Betsy Bailey RIP

By:

  David Henderson

Economist Elizabeth (Betsy) Bailey died on August 19. She was one of the key members of the Civil Aeronautics Board who helped deregulate airlines under President Carter. Carter nominated her to one of the Republican slots.

Why do I call her Betsy? Because I saw her speak once–I can’t remember where–sometime in the mid to late 1970s, and she encouraged the audience to call her Betsy.

Here are some nice quotes from the Washington Post obit:

Dr. Bailey was a forceful supporter of deregulation and set out, as she put it, to “free the airline industry from the tentacles of restrictive government.”

“I think we should rely more on market forces to determine the price and variety of air services,” Dr. Bailey told the New York Times upon her appointment to the panel. “What is so exciting about joining the board at this time is that I can point out what regulatory reform is all about — getting the regulatory agency out of making every little decision about how much a ticket costs, and leaving some things to the market.”

And:

“There are a lot of people who have never had enough money to go to Europe,” she added. “The idea of offering lower fares and special services is really appealing. I only wish I’d been at the board [sooner].”

And:

“I know lots of people who went to work for the government and found they were bored. I never had that experience,” she told Forbes in 1983, reflecting on her time on the Civil Aeronautics Board. “In fact, I never had as much fun professionally as I did in deregulating the airlines. Every time I step onto a [discount] flight I get to reap some of the benefits of my work in Washington.”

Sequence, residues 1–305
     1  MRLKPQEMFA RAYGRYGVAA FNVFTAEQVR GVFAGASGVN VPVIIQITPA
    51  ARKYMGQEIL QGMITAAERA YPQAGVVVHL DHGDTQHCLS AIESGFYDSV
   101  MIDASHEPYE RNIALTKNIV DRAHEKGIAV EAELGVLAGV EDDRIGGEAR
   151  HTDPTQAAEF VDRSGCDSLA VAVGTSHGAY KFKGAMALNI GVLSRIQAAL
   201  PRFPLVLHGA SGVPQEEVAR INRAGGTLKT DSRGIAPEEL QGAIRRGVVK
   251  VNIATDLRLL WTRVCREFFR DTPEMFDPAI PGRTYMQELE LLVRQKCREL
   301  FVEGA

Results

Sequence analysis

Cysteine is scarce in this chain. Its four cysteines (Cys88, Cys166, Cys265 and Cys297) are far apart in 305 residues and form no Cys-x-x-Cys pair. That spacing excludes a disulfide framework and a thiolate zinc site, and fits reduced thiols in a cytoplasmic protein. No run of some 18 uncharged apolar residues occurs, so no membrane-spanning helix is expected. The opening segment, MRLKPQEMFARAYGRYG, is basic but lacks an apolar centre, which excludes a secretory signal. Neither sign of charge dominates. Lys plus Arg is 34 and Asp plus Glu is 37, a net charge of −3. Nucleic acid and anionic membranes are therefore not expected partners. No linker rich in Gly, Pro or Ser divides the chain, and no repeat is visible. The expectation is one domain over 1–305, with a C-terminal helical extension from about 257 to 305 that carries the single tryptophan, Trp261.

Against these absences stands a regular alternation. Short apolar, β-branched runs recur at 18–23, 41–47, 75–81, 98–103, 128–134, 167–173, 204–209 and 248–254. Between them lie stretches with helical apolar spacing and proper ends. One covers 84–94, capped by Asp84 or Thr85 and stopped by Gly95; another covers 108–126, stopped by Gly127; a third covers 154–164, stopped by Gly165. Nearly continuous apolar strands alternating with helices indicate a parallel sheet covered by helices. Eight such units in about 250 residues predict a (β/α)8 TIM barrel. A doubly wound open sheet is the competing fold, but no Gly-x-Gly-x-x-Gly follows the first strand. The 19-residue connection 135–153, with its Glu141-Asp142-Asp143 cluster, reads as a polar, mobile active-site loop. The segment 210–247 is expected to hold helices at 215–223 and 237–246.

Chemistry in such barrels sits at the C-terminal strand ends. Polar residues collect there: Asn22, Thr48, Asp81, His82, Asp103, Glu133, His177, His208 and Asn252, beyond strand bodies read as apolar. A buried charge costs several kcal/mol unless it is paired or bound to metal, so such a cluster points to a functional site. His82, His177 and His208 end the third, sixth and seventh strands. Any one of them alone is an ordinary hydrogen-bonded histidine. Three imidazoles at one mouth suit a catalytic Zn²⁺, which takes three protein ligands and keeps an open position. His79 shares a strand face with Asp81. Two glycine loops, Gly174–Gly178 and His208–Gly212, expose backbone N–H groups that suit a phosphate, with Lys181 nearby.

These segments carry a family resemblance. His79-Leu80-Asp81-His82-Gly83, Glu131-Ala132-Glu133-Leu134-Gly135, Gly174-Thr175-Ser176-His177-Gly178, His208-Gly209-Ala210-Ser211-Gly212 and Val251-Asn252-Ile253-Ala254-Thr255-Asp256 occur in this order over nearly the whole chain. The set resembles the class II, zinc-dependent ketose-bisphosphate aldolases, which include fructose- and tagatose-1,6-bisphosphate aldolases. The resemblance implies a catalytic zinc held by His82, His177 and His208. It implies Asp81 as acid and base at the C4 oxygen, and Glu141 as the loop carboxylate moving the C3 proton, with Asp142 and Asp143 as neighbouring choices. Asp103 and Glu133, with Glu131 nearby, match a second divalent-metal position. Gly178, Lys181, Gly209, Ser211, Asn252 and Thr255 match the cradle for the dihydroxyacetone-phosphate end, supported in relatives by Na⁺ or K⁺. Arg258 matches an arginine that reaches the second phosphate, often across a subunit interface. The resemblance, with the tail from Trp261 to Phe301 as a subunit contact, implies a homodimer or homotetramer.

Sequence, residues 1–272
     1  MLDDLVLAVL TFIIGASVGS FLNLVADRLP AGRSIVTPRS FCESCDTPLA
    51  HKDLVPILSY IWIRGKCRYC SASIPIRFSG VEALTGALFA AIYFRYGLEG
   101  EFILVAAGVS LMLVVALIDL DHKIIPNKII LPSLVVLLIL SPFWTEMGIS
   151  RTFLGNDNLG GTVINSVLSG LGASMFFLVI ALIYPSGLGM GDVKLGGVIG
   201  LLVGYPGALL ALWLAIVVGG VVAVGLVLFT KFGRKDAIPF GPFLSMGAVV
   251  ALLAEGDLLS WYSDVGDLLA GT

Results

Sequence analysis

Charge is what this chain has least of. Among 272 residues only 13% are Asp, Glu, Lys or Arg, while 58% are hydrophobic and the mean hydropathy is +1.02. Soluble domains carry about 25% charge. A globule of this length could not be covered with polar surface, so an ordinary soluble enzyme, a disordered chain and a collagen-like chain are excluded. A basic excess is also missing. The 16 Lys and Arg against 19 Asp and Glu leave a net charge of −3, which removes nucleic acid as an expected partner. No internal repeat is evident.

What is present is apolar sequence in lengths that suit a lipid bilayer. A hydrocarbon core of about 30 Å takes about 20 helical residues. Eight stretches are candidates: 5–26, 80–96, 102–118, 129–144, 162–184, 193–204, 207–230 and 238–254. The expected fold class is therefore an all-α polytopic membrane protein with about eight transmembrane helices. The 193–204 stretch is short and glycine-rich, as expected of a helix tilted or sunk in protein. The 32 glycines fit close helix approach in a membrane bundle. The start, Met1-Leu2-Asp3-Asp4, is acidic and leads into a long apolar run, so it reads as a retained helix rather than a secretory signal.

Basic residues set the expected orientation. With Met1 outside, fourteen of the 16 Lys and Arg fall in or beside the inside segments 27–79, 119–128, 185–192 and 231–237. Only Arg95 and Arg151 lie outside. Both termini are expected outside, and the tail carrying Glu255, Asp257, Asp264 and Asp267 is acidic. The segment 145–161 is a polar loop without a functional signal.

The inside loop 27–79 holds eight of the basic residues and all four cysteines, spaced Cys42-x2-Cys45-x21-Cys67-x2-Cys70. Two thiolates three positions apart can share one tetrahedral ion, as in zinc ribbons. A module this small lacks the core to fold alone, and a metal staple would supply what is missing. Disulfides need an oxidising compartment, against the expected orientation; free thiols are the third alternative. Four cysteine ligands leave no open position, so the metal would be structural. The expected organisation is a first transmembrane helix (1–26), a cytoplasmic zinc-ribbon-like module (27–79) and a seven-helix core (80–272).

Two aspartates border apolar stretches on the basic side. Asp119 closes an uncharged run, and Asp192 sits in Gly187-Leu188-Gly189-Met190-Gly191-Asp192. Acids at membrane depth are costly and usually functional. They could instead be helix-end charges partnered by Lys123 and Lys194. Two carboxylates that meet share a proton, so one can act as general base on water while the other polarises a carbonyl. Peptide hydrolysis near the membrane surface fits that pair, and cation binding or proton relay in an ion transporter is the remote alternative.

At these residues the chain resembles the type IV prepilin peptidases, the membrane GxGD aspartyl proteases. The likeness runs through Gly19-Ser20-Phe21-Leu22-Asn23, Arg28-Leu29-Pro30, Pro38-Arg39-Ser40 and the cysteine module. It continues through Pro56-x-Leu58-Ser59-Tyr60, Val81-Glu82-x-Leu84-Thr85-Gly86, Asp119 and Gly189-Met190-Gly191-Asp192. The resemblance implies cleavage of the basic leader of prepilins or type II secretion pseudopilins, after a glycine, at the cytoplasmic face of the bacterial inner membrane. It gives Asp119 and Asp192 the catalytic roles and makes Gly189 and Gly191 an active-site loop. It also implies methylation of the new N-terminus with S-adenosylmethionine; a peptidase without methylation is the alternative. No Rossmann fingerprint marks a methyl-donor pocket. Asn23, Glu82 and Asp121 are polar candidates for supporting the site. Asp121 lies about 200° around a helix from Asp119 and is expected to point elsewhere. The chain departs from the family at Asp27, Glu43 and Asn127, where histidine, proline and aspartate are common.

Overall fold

And sadly:

Elizabeth E. Bailey once reported for a meeting at Bell Laboratories, where she was chief of economic research in the 1970s, when a male executive directed her to take notes in the back of the room. He had assumed she was a stenographer.

HT2 Tyler Cowen.

Here are the two articles on airline deregulation in David R. Henderson, ed., The Concise Encyclopedia of Economics:

1st edition: Alfred E. Kahn, “Airline Deregulation.”

2nd edition: Fred L. Smith, Jr. and Braden Cox, “Airline Deregulation.”

READER COMMENTS

Jose Pablo
Sep 4 2022 at 1:28pm

Sadly:

(…) in the 1970s, when a male executive directed her to take notes in the back of the room. 

Why sadly?

As per your own recount (if I remember well) judging a 1970 situation with the standards of 2022 is a total loss of time. Equivalent to say: sadly, the practice of cannibalism was standard among early homo sapiens.

Looks like a concession to social desirability. It does not look like Elizabeth Bailey needed (or even appreciate) that.

David Henderson
Sep 4 2022 at 3:53pm

You ask “why sadly.”

Because it wouldn’t have taken much for him to find out who she was.

You write:

As per your own recount (if I remember well) judging a 1970 situation with the standards of 2022 is a total loss of time.

I don’t remember writing that. Do you have a cite?

You write:

Equivalent to say: sadly, the practice of cannibalism was standard among early homo sapiens.

I don’t think they’re equivalent at all. Cannibalism is way worse: it’s coercive in the extreme whereas this was faux pas.

You write:

It does not look like Elizabeth Bailey needed (or even appreciate) that.

I agree that she didn’t need it. Read the various obits and I think you’ll find that she would very much have appreciated what I said.

Comments are closed.

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